As factory wages climbed, manufacturers invested in AI and robotics to improve efficiency. While many industries already used smart machines to automate production, the pandemic accelerated deployment, as borrowing was cheap. The market is expected to reach $31 billion in 2028, up from $14.6 billion in 2020.
Today, robots are appearing across multiple industries. Not just in warehousing and manufacturing, but also in healthcare, conferencing, last-mile logistics and even catering. The nature of a robot – what it looks like, how mobile it is, and how “intelligent” it is built to be – reflects its use. While some are static, others are mobile. Some are dextrous, and others use machine-sensor intelligence for situational awareness. Some robots learn; others perform single, repeated tasks.
Advances in machine learning and engineering mean we’ve hit an inflection point when these intelligent machines enter new sectors. Boston Consulting Group (BCG) believes mobile and stationary professional services robots will become a $170 billion market by 2030, compared to $50 billion for conventional industrial robots/cobots, and $30 billion for automated guided vehicles (AGVs). In many cases, robots will augment human staff, taking on mundane jobs and liberating workers for more rewarding tasks.
How are robots being used today?
In Australia, Alphabet’s Wing subsidiary drones make a delivery every 25-seconds, and Starship Technologies delivers takeaways in Milton Keynes. But last-mile delivery reflects automation across the supply chain. Orange Business, for example, provides 5G network services to support numerous automated systems at the Port of Antwerp, including tugboats and forklift trucks.
Arc and spot welding, materials handling, picking and packing are just some tasks already transacted by industrial robots, particularly in vehicle manufacturing; but as the tech improves, robots are becoming capable of addressing more complex challenges.
Some examples: A Boston Dynamics robot, Stretch, can move 800 boxes each hour, autonomously handling challenging truck loading and unloading tasks. As spatial awareness and augmented reality (AR) enter the mainstream, analysts expect robots will work with humans to handle dangerous missions. In recent months, the use of unmanned aerial vehicles (UAV) in crisis situations has been well reported.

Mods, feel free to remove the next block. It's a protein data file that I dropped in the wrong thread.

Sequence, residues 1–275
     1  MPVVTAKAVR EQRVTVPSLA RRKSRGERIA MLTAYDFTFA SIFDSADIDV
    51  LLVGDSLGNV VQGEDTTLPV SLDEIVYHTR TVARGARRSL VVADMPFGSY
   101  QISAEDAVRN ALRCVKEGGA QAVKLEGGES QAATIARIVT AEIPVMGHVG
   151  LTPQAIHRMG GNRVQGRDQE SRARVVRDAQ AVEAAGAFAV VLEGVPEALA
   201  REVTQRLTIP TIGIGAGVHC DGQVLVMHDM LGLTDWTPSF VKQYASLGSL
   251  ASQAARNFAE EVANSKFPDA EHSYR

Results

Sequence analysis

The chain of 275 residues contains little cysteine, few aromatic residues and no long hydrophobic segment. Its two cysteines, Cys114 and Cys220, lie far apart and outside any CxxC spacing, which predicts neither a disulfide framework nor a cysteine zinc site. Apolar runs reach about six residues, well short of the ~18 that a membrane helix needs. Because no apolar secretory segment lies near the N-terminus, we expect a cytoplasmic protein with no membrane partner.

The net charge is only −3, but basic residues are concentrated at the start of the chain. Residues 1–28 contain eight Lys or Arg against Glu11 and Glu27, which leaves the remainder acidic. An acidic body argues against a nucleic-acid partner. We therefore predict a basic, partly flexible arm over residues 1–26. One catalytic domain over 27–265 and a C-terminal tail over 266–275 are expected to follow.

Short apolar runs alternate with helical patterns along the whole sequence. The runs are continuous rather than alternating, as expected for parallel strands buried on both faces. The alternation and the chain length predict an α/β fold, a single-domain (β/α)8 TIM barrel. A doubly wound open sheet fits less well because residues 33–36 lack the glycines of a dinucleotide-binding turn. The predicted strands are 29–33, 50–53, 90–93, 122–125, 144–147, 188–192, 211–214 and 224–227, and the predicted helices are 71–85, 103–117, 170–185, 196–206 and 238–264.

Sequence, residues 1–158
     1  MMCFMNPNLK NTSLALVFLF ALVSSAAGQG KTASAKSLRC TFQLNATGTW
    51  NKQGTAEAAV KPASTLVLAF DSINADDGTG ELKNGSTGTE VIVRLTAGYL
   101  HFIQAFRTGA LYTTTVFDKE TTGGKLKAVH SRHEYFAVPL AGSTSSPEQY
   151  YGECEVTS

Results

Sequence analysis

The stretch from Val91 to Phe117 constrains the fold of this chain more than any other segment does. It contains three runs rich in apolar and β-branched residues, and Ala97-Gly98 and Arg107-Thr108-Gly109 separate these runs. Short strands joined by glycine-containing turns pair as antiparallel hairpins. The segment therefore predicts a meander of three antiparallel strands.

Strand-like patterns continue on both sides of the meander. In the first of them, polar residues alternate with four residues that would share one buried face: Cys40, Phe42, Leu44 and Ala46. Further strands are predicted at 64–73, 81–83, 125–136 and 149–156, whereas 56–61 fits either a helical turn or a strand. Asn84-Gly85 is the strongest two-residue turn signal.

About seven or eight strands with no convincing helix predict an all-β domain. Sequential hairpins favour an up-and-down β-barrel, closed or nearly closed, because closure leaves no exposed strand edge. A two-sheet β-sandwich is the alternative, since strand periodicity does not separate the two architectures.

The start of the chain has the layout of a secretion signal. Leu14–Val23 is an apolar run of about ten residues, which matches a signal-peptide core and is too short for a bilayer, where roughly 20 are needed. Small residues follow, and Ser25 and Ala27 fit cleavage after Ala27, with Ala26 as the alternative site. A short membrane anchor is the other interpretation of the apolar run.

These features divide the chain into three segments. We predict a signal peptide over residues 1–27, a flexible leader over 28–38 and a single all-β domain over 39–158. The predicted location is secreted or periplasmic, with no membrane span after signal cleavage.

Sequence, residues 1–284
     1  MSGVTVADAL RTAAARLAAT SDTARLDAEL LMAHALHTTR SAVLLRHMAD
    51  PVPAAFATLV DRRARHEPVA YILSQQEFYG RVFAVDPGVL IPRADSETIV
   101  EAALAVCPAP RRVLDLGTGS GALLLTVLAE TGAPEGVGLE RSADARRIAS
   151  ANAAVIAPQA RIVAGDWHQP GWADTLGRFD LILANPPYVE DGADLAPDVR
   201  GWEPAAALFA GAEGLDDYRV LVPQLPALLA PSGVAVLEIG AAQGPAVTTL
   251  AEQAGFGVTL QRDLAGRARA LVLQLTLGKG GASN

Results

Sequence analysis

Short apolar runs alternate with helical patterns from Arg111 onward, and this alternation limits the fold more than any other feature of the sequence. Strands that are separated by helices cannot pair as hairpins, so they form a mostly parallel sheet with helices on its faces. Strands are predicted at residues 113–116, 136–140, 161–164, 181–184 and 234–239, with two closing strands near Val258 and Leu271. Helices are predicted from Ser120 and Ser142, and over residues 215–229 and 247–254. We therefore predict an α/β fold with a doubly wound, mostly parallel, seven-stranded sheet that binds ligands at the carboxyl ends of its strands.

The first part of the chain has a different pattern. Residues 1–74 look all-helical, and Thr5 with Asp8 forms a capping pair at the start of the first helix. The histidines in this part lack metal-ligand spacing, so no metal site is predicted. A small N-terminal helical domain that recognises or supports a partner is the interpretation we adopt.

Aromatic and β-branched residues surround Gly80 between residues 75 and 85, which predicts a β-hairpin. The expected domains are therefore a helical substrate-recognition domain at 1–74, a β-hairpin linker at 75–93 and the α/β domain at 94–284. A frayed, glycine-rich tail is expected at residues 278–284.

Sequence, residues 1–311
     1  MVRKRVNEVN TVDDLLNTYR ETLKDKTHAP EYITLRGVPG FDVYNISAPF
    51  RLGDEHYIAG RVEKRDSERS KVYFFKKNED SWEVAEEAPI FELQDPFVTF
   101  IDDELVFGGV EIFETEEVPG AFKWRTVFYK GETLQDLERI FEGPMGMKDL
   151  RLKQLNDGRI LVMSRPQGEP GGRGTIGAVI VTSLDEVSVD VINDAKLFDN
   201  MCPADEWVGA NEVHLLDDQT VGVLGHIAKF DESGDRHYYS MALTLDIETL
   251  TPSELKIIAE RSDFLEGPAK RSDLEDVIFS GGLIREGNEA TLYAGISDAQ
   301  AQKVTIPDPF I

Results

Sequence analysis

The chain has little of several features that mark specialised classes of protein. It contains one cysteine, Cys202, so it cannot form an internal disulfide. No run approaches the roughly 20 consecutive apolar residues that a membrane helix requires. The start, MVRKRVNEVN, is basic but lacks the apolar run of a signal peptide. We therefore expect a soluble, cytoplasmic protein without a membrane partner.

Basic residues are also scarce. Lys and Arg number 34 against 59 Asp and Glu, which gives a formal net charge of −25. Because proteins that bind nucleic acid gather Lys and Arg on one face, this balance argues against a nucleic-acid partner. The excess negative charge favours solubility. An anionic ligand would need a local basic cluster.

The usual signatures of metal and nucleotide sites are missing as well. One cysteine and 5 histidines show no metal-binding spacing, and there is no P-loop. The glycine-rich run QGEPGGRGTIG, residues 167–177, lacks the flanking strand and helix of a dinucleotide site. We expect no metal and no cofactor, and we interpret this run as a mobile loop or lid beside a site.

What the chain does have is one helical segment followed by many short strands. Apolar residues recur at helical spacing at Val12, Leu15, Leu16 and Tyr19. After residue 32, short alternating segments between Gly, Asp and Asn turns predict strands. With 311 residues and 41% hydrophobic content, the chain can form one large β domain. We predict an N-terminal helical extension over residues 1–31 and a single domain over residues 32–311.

In telepresence, Apple used a Boston Dynamics robot called Spot to help architects oversee the building of its new headquarters in London’s Battersea. Schneider Electric uses a 5G network to connect an AXYN telepresence robot for remote site visits. And while there’s no news yet, the entire world knows Apple, Google, Tesla and most car manufacturers are attempting to build an autonomous self-driven robot car.
But the pandemic accelerated new industry deployments
The need to preserve social distance combined with frequent staff absences due to COVID-19 accelerated the use of robotics in catering. Beijing’s Winter Olympics used a sophisticated robot chef to feed guests and athletes while limiting human contact to protect them.
The automation of culinary life exposes fresh business opportunities: Nala Robotics promises its restaurant-as-service platform will deploy full kitchens in just 24 hours. As labor shortages impact catering, it’s reasonable to expect robots will become as common as any kitchen implement. White Castle (a U.S. burger chain) employs semi-autonomous robot chefs capable of flipping and prepping 300 meat patties a day in some restaurants.
The pandemic also accelerated robot deployment in life sciences where adoption climbed 69%, according to the Robotic Industries Association (RIA). Robots saw extensive use in COVID-19 testing labs and to support nursing and aged care. The latter market may hit $2 trillion value by 2026.